A recent survey attempts to shed some light.
By Kevin Doi and Joel Jin
According to a survey conducted by the Asian American Center at Fuller Seminary, senior pastors of largely mono-cultural, independently-led, English-speaking congregations reported ethnic identity as less important than their colleagues pastoring other types of Asian American congregations.
Participating pastors drawn from Asian American ministries across the US were asked to select the type of congregation that best described their ministry context. The choices were: “English Ministry” (EM), defined as an English-speaking ministry housed within an immigrant church; “Independent English Ministry” (Independent EM), an English-speaking congregation operating as an independent congregation with regard to pastoral leadership, polity, location, and budget; and “Pan-Asian/Multi-ethnic” (PA/ME) churches, described as more ethnically diverse, yet primarily Asian American-led.
When asked to rate the importance of ethnic identity in relation to their congregations, senior pastors of all three categories of churches indicated that ethnic identity was a relatively important consideration (66% of EM pastors, 60% of Independent EM pastors, and 65% of PA/ME pastors). Similarly, a relatively high proportion of pastors indicated the importance of ethnicity to congregational life: 60% of PA/ME agreed it was an important consideration, as did 58% of EM, and 53% of Independent EM pastors (see Figure 1).
Interestingly, however, when asked if “our church identifies as an ethnic/racial church,” 87% of EM pastors agreed with the statement compared to only 55% of PA/EM and 53% of Independent EM pastors (see Figure 2). In other words, when these pastors look out at their congregations, they literally see Asian American faces staring back at them. However, EM pastors may more readily acknowledge the reality of an Asian/Asian American ethnic or racial identity in relation to their congregations as compared to their colleagues of Pan-Asian/Multi-ethnic or Independent EM churches.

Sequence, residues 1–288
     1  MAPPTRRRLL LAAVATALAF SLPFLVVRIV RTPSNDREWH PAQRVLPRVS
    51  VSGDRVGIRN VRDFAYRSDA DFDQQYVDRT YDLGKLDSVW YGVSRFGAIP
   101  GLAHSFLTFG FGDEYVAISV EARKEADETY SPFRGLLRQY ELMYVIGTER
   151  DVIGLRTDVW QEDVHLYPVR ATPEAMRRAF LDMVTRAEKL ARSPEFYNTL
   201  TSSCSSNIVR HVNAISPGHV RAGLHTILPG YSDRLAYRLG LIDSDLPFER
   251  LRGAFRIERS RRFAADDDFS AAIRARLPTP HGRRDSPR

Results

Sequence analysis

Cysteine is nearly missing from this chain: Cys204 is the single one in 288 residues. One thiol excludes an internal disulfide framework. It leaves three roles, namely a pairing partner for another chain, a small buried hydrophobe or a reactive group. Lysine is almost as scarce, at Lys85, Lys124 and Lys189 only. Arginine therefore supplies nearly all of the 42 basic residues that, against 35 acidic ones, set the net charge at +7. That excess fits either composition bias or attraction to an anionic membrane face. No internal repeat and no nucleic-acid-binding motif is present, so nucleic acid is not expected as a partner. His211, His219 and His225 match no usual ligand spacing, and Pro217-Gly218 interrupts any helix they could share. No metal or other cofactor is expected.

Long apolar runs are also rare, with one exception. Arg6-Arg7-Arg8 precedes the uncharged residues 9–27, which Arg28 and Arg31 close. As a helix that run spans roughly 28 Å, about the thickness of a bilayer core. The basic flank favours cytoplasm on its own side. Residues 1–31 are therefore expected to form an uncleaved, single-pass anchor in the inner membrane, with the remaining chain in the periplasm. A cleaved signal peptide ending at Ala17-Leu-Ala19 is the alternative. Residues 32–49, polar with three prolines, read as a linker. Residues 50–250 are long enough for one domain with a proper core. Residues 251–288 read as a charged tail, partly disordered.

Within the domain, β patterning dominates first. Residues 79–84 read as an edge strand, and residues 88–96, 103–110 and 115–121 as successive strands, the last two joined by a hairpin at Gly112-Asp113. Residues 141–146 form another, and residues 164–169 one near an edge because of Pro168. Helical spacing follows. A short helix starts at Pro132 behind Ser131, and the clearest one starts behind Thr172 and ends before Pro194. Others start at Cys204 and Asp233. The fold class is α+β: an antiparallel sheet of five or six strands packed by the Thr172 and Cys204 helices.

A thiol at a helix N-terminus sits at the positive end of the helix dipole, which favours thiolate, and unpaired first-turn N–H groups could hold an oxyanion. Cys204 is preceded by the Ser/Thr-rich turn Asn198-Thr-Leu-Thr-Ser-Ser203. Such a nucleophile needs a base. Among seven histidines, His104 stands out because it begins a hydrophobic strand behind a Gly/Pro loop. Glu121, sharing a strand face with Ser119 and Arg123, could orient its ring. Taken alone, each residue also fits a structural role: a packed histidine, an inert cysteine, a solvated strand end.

Further indication of this trend emerged as pastors were asked whether their congregations consider race or ethnicity in relation to various aspects of ministry. When asked if ethnicity or racial identity is a consideration in choosing discipleship curriculum, 26% of EM pastors and 25% of PA/ME pastors agreed it was—still relatively low numbers—but only 7% of Independent EM pastors agreed (see Figure 2).
Gaps in opinions widened when questions were posed about pastors’ personal lives. When asked to indicate the importance of “cultural training related to my current personal life as a pastor,” 68% of EM pastors said cultural training was important, as did 55% of PA/ME pastors (see Figure 4). By comparison, only 20% of Independent EM pastors agreed.